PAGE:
# The Converse of Pythagoras

Pythagoras' theorem states that:

"**If** a triangle with sides $a, b, c$ has a right-angle, and $c$ is the hypotenuse, **then** $a^2+b^2=c^2$."

You can find some proofs of Pythagoras' theorem **here** and **here. ** For this problem you can assume that Pythagoras' theorem is true.

The **converse** of Pythagoras' theorem states that:

"**If** a triangle has lengths $a, b$ and $c$ which satisfy $a^2+b^2=c^2$ **then** it is a right-angled triangle."

We can prove this by using a proof by contradiction, which means starting by assuming that the opposite is true and then showing that this leads to an inconsistency or contradiction.

Below is a proof sorter of a proof that if $a^2+b^2=c^2$ then $C$ cannot be less than $90^{\circ}$, and a diagram to accompany the proof. Can you use the diagram and the statements to reconstruct a proof that angle $C$ cannot be less than $90^{\circ}$?

**Can you use the diagram below, and the ideas from the proof sorter above, to construct a proof that angle $C$ cannot be more than $90^{\circ}$?**

**Once both proofs have been completed then we know that $C$ cannot be less than $90^{\circ}$, and that $C$ cannot be more than $90^{\circ}$, therefore $C$ must be equal to $90^{\circ}$ and hence if we have $a^2+b^2=c^2$ then the triangle is right-angled at $C$.**

*We are very grateful to the Heilbronn Institute for Mathematical Research for their generous support for the development of this resource.*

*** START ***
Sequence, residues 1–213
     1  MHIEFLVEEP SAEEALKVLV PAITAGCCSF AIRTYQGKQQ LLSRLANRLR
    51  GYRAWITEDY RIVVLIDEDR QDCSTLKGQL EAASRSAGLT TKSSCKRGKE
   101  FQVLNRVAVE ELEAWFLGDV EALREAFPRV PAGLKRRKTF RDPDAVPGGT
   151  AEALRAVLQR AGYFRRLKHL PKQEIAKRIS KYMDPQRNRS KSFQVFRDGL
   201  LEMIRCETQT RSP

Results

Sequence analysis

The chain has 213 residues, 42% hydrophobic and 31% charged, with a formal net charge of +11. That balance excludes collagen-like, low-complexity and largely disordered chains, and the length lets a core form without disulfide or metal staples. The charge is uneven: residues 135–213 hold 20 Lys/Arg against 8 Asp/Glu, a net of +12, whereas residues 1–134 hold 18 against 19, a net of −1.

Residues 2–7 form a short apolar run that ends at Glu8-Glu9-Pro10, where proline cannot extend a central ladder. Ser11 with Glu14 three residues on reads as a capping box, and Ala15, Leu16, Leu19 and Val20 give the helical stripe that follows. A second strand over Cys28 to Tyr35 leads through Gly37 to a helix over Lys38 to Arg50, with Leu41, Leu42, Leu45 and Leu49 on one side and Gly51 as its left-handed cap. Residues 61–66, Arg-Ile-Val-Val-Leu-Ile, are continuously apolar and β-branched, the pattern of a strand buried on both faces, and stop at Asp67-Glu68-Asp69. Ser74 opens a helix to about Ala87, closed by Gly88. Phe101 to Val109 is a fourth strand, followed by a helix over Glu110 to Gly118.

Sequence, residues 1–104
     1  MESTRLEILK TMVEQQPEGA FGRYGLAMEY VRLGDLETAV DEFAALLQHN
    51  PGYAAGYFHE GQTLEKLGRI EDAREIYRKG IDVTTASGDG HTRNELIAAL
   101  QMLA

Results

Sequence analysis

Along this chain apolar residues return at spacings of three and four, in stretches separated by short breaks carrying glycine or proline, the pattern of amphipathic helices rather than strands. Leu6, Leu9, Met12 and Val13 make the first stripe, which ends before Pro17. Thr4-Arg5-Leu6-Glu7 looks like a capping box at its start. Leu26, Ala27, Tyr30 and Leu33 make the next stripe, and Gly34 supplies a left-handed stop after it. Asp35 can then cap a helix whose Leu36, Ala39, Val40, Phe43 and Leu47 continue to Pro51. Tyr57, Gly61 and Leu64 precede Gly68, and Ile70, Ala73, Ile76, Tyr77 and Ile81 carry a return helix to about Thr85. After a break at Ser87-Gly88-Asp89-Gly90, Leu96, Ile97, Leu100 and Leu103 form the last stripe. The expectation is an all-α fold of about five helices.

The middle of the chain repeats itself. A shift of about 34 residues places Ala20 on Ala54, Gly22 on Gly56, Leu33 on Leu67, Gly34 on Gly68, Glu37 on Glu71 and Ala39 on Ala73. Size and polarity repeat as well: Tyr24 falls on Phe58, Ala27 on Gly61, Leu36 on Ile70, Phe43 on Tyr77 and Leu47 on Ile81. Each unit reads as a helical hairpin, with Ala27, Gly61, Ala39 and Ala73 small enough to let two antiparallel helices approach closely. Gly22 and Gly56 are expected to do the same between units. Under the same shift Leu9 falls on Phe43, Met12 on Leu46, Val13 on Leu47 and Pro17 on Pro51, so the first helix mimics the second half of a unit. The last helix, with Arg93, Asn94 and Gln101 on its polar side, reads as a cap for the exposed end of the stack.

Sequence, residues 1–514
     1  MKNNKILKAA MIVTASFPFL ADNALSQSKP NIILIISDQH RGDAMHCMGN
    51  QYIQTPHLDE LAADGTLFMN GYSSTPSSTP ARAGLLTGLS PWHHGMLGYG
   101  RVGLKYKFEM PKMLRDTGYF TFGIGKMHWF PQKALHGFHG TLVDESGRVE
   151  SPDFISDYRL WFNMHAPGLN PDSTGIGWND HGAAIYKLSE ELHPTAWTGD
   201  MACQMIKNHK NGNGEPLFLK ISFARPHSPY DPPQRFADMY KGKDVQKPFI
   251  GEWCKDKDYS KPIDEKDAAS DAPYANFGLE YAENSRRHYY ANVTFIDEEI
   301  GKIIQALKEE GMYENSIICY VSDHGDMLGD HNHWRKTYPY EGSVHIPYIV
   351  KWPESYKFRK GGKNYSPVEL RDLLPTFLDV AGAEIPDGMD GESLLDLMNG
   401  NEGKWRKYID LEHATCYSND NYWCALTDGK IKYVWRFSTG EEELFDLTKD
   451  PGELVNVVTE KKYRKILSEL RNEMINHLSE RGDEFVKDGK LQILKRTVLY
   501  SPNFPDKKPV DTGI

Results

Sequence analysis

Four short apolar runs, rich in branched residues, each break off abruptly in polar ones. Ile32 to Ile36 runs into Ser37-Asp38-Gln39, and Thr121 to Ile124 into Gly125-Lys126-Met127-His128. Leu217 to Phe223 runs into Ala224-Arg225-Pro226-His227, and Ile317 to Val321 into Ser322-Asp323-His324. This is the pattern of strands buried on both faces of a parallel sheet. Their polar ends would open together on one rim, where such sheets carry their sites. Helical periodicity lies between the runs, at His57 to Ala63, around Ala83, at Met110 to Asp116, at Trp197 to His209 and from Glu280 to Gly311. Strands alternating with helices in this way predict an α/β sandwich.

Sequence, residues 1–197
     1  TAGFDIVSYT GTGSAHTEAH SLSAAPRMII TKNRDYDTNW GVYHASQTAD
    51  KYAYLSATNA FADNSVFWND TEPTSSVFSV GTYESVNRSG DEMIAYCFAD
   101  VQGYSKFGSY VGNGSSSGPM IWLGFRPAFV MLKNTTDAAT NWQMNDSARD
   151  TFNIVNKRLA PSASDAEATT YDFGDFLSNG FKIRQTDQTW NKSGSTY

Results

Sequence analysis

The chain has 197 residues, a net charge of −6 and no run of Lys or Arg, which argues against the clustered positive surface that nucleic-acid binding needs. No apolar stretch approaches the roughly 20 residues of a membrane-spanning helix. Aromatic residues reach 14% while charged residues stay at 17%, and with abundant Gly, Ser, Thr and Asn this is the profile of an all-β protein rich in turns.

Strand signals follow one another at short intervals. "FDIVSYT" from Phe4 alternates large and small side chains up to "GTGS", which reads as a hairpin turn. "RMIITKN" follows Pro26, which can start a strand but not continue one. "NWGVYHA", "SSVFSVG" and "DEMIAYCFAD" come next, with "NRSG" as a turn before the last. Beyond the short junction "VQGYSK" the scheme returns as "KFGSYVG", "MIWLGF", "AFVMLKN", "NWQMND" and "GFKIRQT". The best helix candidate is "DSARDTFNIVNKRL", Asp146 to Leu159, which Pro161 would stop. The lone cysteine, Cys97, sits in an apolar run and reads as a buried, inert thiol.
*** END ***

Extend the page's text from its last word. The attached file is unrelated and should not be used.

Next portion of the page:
**Why do this problem?**

This problem leads students through a proof of the converse of Pythagoras' Theorem, i.e. proving that

If $a^2+b^2=c^2$ then the triangle is right-angled.

Students can find the idea of directions of implications tricky, and the converse of Pythagoras can be one of the first occasions when they are asked to consider a converse.

This proof uses Pythagoras' Theorem (usual direction), so it would be helpful if this problem was tackled after looking at some Proofs of Pythagoras.

**Possible approach**

*This problem featured in an NRICH Secondary webinar in March 2022.*

*These printable cards for sorting may be useful: The Converse of Pythagoras*

Ask students to consider the statements $a=2$ and $a^2=4$. Does one of these imply the other? Can students think of another pair of statements where one implies the other, but the reverse is not true?

Iffy logic can be used as an introduction to this idea, or it can be used as inspiration for some pairs of statements to use with the class.

Students can be introduced to the idea of proof by contradiction using this example:

- Assume that there exists a largest integer, $N$
- If $N$ is an integer then $N+1$ is also an integer
- $N+1$ is larger than $N$, so this contradicts the first statement
- Therefore there cannot exist a largest integer

The proof in this problem starts by showing that angle $C$ cannot be less than $90^{\circ}$, with a proof sorter to help students construct this. Students can then use their work on the proof sorter to construct a similar argument to show that angle $C$ cannot be greater than $90^{\circ}$.

**Possible Extensions**

Students might like to explore the direction of implication further in the problem Iffy Logic (if this has not already been used earlier).

The problem Iff investigates a result about triangular numbers, and asks students to prove both a result and it's converse.